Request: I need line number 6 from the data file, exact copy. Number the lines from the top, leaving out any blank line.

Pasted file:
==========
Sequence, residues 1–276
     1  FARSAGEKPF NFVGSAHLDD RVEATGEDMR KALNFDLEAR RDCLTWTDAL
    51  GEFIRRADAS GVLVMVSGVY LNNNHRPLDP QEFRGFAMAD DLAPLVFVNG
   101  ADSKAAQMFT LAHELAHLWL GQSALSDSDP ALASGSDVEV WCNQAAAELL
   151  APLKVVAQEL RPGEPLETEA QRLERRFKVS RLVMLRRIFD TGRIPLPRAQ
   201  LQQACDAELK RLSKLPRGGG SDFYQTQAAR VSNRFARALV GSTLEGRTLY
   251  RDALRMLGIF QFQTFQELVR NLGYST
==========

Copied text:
   201  LQQACDAELK RLSKLPRGGG SDFYQTQAAR VSNRFARALV GSTLEGRTLY